- acting on advice from other professionals or specialist staff, e.g. SENCO or other external agencies (see below for further information).
- 1:1 booster or tuition session
How does the school identify and assess Special Educational Needs?
In school we use a variety of different ways to assess whether a child has SEN.
- school based test results
- information from parents and carers
- information from the child
- specialised assessments carried out by members of the school’s support services / SENCO.
- information from previous schools or settings
- results from end of key stage assessments
- discussions with adults who work with the child
- information/referrals from doctors, paediatricians or other medical personnel.
How does the school know how much progress is being made by pupils with SEN?
All children’s progress, including those with SEN, is continually monitored by his/her class teacher, the SENCO, and senior management using the school’s assessment tracking system. Pupils are assessed regularly using teacher marking, observations, questioning and more formal assessments such as curriculum tests and standardised tests.
In addition, for children with SEN, we also set individual targets that are reviewed at least three times a year by relevant staff together with parents/carers (i.e. review meetings/ parents’ evenings in the Autumn, Spring and Summer Terms). This helps the school to monitor how well interventions are working.
How are parents of children with SEN involved in the education of their child?
At Broadmeadow, we value our partnership with parents and always try to ensure that we are approachable and available as much as possible. Our school aims to regularly involve parents in the education of their child through a variety of different ways which may include:
- regular meetings with the SENCO and class teacher (and outside agencies, as appropriate)
- target setting (through personal plans) so that parents can see what their child is working on next
- regular curriculum information to inform parents of what will be going on during the term
- information on the school website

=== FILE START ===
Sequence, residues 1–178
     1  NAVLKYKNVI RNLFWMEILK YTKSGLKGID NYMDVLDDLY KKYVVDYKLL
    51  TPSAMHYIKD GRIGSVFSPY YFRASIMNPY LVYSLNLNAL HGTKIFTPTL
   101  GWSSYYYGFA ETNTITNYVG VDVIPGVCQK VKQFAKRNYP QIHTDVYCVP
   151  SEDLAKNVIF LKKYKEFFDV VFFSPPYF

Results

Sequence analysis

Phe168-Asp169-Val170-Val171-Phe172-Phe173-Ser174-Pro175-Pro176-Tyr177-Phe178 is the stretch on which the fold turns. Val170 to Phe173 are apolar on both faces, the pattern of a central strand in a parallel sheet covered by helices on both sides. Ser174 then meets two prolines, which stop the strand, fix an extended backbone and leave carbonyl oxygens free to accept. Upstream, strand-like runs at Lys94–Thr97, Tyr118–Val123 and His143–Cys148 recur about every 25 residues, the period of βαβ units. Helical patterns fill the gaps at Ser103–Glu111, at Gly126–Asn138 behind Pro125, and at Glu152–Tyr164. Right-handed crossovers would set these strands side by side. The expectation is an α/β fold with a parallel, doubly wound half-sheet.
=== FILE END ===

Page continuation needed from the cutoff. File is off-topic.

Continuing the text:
- parents’ evenings
- INSPIRE workshops
- parents’ views at review meetings
- home/school books to share important information
How are pupils with SEN involved in their own education?
We aim to involve all children at our school in their own education.
For children with SEN we use a variety of strategies to achieve this, which include:
- involving children in setting and reviewing their learning targets at an appropriate level for their age
- having a range of education resources available for the child to use and select as appropriate, e.g. visual timetables, overlays, coloured exercise books, pencil grips, writing boards, picture/communication cards, fidget toys etc.
- providing opportunities to develop new skills through out of hours or lunchtime activities or becoming monitors to help younger children
- ensuring the child is aware of who they can go to for help.
How does the school support pupils with SEN during transition?
We aim to make times of transition as easy as possible for the children in our school.
When starting school in Reception or moving from Broadmeadow Nursery to the Infants we aim to:
- have a parents Induction meeting and provide relevant information
- visit your child’s pre-school setting to meet your child in a familiar environment.(If your child is not attending our nursery)
- invite you and your child to attend a “ Stay and Play” session at school in their new classroom to meet their new teachers
- organise time for relevant staff to visit nurseries and previous settings to observe children and liaise with key staff
- organise transition meetings with staff, parents and any relevant agency support workers eg. the school nurse, health visitors etc.
- ensure all paperwork regarding your child is given to their new teacher/key staff
- plan together for a gradual induction programme for your child for when they start school, if appropriate
- Some of these strategies are then repeated and/or adapted to be used at the point children move from one year group to another within the Infant School.